Often there’s an assumption that older generations favour print while millennials gobble up anything digital. Is this accurate and, if so, how does it influence today’s marketing mix? Ellie Morley-Smith, marketing and communications manager at APS Group looks at how millennials are engaging with print versus digital.
More than once in my career I have faced a comment about millennials that caused me to roll my eyes. We’re all glued to our smartphones, never read books and only engage with online advertising.
This is a stereotype and, while stereotypes exist for a reason, it’s important to look at how much this influences the marketing mix, where there can be a temptation to assume that older generations favour print while millennials gobble up anything digital.
As marketers, we must explore new and existing mediums and come up with the perfect blend to capture our audience’s imagination – whoever they might be. But, despite best efforts, it can be easy to rely on these stereotypes. So much so that it’s almost a gamble to target millennials for a print campaign. Sometimes it’s easier to say, ‘look, let’s just play it safe and stick to digital, we know they like that.’
The reality is, millennials do engage with digital. After all, it’s what we’ve grown up on. But we’ve been so used to being swamped with information, we’re now looking for an antidote. This is where printed messages can make a real impact – providing a moment of calm that forces us to stop and absorb.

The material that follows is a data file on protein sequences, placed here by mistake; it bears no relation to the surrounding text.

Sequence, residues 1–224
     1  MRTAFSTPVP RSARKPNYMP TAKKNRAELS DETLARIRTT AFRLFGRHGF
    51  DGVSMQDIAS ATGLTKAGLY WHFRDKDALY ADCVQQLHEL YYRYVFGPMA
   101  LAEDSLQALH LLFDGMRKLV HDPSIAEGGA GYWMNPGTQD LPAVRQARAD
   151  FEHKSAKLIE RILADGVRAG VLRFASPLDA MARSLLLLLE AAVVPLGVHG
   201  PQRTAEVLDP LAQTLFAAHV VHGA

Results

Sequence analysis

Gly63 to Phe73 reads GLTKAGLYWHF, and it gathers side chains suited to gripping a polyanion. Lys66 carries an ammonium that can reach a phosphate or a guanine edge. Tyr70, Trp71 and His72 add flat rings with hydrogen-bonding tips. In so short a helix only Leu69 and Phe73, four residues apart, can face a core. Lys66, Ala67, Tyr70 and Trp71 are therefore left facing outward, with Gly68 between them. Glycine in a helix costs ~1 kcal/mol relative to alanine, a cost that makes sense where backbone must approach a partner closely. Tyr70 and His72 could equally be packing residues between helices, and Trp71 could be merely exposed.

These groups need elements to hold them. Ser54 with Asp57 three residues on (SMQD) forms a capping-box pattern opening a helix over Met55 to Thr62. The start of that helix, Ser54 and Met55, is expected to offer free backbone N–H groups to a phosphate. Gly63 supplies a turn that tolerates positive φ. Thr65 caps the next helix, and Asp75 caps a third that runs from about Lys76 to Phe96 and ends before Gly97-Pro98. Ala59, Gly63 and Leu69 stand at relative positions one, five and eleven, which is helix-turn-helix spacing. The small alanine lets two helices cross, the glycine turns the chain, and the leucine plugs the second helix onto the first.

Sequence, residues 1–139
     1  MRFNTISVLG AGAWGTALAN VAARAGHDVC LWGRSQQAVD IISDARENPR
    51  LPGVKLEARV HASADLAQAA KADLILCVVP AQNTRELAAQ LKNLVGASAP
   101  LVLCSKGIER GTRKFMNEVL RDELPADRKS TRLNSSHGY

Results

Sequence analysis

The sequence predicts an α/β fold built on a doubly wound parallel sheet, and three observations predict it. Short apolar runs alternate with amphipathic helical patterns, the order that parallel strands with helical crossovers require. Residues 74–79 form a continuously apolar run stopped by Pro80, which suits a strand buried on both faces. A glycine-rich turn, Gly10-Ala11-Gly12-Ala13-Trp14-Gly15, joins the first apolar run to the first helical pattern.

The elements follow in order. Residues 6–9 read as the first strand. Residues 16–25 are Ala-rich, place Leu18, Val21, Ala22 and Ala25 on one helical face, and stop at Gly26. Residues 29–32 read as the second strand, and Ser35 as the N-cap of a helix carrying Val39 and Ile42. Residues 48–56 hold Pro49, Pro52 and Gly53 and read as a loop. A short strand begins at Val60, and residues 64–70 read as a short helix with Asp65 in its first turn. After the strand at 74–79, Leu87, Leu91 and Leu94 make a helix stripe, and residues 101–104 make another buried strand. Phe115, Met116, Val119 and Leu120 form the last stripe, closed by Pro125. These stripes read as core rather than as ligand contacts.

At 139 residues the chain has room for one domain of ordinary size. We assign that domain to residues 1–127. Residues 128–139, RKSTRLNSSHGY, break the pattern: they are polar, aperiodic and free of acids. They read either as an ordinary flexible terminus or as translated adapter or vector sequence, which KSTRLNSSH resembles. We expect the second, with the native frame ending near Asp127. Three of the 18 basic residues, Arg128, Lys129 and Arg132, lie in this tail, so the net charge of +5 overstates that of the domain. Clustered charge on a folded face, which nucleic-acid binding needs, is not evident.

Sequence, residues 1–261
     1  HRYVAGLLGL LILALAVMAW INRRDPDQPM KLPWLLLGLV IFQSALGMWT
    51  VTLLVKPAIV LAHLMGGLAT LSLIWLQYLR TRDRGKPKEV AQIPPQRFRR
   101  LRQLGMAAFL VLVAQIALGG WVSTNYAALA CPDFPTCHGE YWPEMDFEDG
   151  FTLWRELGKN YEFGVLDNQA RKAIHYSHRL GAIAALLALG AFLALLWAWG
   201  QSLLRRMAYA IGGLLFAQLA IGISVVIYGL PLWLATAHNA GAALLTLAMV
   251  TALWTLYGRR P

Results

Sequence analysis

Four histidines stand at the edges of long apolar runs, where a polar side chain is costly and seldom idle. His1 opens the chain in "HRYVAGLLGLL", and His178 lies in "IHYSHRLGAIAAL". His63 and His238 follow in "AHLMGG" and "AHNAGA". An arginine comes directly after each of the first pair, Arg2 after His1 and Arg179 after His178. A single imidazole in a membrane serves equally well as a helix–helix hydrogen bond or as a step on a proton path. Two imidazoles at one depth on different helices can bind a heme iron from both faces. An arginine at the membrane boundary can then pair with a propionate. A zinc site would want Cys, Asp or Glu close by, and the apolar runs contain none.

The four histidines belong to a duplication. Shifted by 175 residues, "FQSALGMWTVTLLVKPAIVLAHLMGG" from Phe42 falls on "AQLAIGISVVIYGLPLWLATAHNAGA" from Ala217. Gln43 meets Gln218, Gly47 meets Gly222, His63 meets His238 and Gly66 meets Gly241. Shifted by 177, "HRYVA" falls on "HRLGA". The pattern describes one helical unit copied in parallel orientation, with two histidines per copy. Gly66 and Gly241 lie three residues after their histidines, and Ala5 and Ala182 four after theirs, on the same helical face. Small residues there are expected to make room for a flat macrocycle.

There is also something pleasing about the physicality of print. It is a lasting piece we can store on our shelves and come back to, and this very much feeds into the trend for things we can see and hold. There’s a reason why sales of vinyl hit a 25-year high last year; and why most of my friends have a polaroid camera. They can stack them on the shelf and pin them to the wall.
The idea of having something tangible that people can return to can be hugely beneficial for marketers trying to create a lasting impression. A promotional brochure that incorporates beautiful design, has thick pages with a matte finish and has been personalised in some way, can have the same feel of a coffee table book. You can pick it up and flick through at any time. You don’t click away from it after a couple of seconds.
Marketing campaigns which draw attention away from a screen have become a differentiator. Maybe that’s why KFC chose magazines and billboards as the primary focus for its FCK response campaign following its chicken shortage crisis. Even Facebook is going for it – using newspapers to publish its apology after the Cambridge Analytica Scandal. The concept of a digital platform using print to advertise is a clear indication that, where print used to be ‘uncool’, it’s now back on the table.
I’m not saying that print should overtake digital, rather that marketers can look to print and digital to create considered campaigns that influence the right people. Most importantly, that we should be thinking about who these people are and how they want to be communicated to. It might even mean that I, the millennial, get a few more door drops.
By Ellie Morley-Smith
Marketing and communications manager
For more insights on the renaissance of print, take a look at APS’s latest industry paper, Time to fix your marketing mix? The renaissance of print explained.